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Traders work on the floor of the New York Stock Exchange (NYSE) shortly after the announcement that the U.S. Federal Reserve had hiked interest rates for the first time in nearly a decade in New York, December 16, 2015. The U.S. central bank's policy-setting committee raised the range of its benchmark interest rate by a quarter of a percentage point to between 0.25 percent and 0.50 percent, ending a lengthy debate about whether the economy was strong enough to withstand higher borrowing costs. REUTERS/Lucas Jackson      TPX IMAGES OF THE DAY      - RTX1Z04O

Debt sustainability in a low interest rate world

Editor's Note:

This working paper was prepared for "The fiscal-monetary mix in an era of low interest rates," a June 2 event presented by the Hutchins Center on Fiscal and Monetary Policy at Brookings.

Neil R. Mehrotra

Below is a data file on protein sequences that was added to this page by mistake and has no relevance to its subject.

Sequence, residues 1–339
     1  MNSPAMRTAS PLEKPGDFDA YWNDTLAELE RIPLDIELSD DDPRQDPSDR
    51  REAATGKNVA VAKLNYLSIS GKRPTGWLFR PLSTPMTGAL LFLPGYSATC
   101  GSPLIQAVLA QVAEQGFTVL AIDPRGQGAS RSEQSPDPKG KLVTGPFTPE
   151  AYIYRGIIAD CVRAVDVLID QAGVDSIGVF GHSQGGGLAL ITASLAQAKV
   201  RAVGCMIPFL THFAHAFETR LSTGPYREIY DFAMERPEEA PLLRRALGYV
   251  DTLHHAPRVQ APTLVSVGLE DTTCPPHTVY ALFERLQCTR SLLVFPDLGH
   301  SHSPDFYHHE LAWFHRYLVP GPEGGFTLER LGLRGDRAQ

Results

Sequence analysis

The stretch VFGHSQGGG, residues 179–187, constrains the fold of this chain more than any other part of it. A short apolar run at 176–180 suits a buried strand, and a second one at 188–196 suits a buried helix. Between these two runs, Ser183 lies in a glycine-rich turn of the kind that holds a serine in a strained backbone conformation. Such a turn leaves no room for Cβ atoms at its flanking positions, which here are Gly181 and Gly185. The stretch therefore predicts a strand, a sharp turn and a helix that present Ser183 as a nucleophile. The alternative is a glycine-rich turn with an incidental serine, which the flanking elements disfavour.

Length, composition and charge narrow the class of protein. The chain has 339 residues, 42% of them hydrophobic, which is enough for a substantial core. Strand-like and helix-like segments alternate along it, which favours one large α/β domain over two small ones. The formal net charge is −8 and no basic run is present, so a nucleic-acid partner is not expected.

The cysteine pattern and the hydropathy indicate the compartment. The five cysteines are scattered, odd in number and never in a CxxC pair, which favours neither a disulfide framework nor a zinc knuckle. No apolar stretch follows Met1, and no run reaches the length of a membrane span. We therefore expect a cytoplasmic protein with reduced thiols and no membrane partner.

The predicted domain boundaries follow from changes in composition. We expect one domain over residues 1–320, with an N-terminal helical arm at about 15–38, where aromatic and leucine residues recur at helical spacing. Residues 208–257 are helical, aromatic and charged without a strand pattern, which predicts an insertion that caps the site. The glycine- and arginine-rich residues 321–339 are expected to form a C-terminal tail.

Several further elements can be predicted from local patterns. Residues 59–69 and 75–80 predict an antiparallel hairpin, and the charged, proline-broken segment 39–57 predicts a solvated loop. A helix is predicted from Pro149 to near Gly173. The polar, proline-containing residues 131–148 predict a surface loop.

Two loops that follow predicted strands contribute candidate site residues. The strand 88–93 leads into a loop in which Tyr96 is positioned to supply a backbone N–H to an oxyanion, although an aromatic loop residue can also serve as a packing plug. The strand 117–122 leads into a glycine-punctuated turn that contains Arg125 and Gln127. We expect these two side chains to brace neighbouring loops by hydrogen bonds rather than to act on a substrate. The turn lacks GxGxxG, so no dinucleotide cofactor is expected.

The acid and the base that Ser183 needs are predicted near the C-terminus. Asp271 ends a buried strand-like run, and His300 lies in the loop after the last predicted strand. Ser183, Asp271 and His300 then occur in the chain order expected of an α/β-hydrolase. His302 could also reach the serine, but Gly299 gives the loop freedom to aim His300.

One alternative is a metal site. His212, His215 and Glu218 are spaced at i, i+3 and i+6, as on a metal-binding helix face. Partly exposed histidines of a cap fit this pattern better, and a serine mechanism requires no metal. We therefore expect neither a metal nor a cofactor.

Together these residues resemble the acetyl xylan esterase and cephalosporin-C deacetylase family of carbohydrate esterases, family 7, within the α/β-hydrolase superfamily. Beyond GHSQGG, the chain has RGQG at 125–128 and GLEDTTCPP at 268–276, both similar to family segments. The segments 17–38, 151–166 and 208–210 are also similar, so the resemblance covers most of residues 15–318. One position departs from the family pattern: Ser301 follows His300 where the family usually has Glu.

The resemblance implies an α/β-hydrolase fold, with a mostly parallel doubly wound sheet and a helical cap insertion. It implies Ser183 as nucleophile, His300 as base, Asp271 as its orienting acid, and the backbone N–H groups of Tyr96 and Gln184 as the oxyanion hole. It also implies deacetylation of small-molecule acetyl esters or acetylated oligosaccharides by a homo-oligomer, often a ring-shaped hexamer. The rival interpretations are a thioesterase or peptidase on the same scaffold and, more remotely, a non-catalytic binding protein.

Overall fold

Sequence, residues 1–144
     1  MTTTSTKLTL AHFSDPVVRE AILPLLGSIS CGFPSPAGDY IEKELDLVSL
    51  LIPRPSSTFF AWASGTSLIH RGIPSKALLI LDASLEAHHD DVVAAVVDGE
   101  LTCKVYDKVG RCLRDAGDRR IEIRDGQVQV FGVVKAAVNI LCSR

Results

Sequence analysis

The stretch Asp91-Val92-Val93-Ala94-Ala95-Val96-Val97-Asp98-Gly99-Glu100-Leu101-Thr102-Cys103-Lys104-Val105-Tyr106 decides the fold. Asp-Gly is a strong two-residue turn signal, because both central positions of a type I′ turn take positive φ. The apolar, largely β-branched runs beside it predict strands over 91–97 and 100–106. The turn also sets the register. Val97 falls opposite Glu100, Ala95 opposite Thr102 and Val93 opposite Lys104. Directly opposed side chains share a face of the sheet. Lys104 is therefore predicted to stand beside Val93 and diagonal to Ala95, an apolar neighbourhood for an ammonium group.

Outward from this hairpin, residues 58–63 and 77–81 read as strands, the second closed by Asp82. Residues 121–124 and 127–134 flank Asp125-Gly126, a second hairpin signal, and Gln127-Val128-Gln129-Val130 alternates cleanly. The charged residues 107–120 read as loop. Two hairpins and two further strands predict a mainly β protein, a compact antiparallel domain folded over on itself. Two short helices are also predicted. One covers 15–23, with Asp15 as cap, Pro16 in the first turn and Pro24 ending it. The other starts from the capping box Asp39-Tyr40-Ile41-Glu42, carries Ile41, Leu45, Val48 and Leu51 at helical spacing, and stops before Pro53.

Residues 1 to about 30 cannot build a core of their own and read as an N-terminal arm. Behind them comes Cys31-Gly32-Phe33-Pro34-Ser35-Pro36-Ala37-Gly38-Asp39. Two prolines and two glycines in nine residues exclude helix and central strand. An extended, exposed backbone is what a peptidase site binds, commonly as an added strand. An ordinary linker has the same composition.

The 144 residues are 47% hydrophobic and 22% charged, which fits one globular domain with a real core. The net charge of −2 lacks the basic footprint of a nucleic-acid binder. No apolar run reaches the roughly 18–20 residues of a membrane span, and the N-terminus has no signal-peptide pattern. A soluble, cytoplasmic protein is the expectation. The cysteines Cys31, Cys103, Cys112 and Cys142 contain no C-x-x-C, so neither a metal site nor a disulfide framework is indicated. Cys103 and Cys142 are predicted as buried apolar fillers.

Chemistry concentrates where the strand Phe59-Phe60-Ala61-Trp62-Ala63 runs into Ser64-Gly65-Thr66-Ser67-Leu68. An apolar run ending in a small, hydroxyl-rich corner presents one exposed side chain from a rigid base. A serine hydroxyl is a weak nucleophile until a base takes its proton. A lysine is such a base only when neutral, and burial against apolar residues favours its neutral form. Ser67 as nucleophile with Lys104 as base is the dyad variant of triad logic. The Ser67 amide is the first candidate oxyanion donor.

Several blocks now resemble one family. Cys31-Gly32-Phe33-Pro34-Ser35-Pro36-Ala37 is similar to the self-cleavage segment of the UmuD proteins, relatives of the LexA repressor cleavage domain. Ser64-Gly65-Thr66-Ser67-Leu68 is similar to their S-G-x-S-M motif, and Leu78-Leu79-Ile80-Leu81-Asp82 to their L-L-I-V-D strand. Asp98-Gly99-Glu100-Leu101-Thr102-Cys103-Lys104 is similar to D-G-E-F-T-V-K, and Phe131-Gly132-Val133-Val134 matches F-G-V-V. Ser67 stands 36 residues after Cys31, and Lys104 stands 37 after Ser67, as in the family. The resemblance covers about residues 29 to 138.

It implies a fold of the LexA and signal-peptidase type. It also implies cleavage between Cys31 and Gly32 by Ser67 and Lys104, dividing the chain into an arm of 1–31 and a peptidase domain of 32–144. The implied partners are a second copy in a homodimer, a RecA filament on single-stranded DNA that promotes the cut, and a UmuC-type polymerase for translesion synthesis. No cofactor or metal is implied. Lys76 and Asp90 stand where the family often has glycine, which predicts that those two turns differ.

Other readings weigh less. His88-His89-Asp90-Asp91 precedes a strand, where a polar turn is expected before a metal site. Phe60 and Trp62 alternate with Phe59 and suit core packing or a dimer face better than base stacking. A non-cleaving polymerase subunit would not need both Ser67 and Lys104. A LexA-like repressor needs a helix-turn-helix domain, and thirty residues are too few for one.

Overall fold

Assistant Vice President and Policy Advisor - Federal Reserve Bank of Minneapolis

Conditions of secular stagnation – low growth and low real interest rates – have counteracting effects on the cost of servicing the public debt. With sufficiently low interest rates relative to growth, governments can raise revenues by increasing the debt to GDP ratio. Mehrotra analyzes empirically and theoretically the tradeoffs involved with increased public debt. Using data from 1870 for advanced economies, interest rates on government debt are frequently less than GDP growth. However, despite current conditions of r < g, he finds a moderate probability of reversion to conditions with r > g over a 5 or 10 year horizon and substantial variability in r − g. Using a 56 period quantitative lifecycle model calibrated to the US, the author shows that slower population growth worsens the cost of servicing the debt, while slower productivity growth improves this cost. Despite r < g, the level of public debt that minimizes the cost of servicing the debt is lower than current levels.

The Washington Center for Equitable Growth has provided Neil Mehrotra with financial support for his research, but did not provide support for this paper. The author did not receive additional financial support from any firm or person for this article or from any firm or person with a financial or political interest in this article. They are currently not an officer, director, or board member of any organization with an interest in this article.

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